The Lost Hero, by Rick Riordan

The Lost HeroThe Lost Hero
by Rick Riordan
Pub Date October 12, 2010

When I saw the new book by Rick Riordan, The Trials of Apollo, I was excited to get my hands on it. The plot sounds fabulous: a god being demoted to be a mortal teenager who has to live at Camp Half Blood with his own children. Before I could get my hands on it though, my niece informed me I must read The Heroes of Olympus series first. With a five book series before me, I knew I needed to get started right away.

If you have not tried Rick Riordan, I strongly implore you to read his series. When I studied gods and goddesses in school, I couldn’t make them stick in my head. Basically, I remembered Zeus. Reading Percy Jackson and the Olympians made the gods and goddesses more real and relatable, especially how he adapts them to the modern day world.  His books make demigods seem possible, and I love that dyslexia and ADHD are signs of the demigods’ powers in his stories.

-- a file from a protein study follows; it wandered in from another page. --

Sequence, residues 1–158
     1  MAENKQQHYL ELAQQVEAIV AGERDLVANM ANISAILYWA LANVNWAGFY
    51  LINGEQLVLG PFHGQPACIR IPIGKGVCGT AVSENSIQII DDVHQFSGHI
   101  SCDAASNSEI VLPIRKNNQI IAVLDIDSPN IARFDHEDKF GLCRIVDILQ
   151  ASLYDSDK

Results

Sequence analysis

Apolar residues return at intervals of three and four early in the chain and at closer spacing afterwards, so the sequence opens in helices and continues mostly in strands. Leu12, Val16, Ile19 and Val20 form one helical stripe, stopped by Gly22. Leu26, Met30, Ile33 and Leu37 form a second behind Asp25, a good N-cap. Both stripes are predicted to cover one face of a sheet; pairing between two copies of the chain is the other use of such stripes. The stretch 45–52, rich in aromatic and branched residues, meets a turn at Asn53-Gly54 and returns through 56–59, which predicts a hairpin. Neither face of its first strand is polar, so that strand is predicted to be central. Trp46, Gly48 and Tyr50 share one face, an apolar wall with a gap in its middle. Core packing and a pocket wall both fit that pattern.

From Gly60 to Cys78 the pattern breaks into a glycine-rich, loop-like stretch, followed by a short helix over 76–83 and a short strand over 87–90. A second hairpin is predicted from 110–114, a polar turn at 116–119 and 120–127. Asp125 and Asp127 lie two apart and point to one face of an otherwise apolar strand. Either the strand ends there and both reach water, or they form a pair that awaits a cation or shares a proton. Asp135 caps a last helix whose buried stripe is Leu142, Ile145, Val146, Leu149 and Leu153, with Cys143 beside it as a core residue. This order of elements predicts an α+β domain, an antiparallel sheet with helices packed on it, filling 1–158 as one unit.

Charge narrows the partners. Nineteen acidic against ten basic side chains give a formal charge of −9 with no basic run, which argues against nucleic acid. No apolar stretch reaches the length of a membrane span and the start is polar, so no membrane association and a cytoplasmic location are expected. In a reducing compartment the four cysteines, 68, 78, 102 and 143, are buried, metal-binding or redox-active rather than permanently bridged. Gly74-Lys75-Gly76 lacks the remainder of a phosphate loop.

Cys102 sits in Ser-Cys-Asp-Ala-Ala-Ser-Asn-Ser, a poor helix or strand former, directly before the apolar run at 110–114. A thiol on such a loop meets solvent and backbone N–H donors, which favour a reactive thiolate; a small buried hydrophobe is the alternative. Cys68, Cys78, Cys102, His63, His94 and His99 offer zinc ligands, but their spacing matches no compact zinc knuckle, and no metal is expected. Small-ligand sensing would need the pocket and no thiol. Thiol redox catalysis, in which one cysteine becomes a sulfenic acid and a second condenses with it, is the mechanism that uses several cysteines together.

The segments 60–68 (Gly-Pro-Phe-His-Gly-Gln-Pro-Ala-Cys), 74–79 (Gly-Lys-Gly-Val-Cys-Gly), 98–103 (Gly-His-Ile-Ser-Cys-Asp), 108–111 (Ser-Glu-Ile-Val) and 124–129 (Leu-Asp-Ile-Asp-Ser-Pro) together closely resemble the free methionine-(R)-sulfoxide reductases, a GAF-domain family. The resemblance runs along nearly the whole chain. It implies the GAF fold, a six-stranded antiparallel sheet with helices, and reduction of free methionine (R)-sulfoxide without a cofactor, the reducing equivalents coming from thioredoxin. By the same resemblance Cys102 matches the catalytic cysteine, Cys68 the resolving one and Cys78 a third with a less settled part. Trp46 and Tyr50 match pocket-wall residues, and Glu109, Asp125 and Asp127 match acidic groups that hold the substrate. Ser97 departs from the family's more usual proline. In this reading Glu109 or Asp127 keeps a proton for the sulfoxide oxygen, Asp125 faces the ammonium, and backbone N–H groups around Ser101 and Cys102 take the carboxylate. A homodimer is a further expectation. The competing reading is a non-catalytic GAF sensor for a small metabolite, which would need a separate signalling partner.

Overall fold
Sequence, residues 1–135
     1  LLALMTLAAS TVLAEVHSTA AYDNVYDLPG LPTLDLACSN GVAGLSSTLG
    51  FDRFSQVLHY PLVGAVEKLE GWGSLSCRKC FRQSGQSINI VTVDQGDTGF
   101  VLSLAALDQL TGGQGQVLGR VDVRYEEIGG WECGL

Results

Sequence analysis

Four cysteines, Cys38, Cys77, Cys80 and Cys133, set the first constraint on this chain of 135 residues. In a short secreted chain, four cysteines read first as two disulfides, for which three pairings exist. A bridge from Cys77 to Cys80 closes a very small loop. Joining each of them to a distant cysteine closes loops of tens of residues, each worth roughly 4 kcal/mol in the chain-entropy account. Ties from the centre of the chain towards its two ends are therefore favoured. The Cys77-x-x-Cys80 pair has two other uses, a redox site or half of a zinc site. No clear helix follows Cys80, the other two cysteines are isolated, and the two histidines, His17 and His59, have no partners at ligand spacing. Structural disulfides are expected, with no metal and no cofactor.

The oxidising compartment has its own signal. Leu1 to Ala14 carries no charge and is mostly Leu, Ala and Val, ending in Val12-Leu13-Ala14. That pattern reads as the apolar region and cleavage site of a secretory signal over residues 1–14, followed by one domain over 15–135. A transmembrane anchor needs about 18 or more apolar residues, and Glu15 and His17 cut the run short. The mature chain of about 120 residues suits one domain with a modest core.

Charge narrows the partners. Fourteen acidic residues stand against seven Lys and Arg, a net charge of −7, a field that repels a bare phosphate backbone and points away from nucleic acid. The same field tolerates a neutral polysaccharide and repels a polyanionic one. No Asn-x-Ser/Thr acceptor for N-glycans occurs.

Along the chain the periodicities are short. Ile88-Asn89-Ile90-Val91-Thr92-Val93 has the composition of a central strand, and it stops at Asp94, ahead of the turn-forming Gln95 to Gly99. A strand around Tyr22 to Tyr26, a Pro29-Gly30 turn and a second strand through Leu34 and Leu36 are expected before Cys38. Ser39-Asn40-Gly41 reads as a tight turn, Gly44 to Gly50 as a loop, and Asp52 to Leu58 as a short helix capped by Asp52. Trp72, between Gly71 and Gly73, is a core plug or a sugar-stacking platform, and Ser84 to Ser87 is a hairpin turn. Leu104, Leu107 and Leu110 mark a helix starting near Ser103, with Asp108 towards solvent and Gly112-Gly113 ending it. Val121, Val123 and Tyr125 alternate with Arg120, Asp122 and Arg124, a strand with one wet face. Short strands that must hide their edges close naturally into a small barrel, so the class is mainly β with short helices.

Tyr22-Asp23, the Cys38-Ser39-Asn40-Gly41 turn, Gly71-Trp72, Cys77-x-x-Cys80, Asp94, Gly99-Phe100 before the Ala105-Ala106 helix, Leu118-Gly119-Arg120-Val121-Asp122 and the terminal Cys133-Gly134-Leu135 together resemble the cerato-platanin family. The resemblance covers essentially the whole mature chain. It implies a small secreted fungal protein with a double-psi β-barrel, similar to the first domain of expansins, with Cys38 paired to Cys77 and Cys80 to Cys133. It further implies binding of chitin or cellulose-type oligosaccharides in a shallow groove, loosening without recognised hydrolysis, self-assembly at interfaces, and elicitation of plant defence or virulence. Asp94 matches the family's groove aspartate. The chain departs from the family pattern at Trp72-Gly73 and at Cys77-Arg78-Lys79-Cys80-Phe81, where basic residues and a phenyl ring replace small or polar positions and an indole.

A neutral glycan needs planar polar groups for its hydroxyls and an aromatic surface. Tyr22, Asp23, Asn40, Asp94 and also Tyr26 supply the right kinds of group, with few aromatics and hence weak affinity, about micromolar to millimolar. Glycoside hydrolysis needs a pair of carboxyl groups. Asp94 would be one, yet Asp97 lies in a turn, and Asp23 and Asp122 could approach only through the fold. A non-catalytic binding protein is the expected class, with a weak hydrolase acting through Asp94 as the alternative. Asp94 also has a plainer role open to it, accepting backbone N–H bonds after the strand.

The Lost Hero focuses on three demigods: Jason, Piper, and Leo. The three meet up at a camp for troubled youth where they are attacked by wind spirits, and escape to Camp Half Blood– the camp that protects demigods from monsters. Their first day at camp, these three demigods are sent on a quest to save Hera, the queen of the gods. If that wasn’t hard enough, Jason doesn’t remember anything about his past, Piper is worried about her father being kidnapped, and Leo has abilities he can’t reveal. No one believes Jason, Piper, and Leo will succeed in saving the day, but the more insurmountable the odds, the more fun the story becomes. Jason, Piper, and Leo meet multiple gods, monsters, giants, and villains as they complete the first part of their quest in this series. I am excited to see what happens in the rest of the series.

The Elite and The One, by Kiera Cass

eliteThe Selection’s The Elite and The One
by Kiera Cass
Pub Date April 23, 2013 & May 6, 2014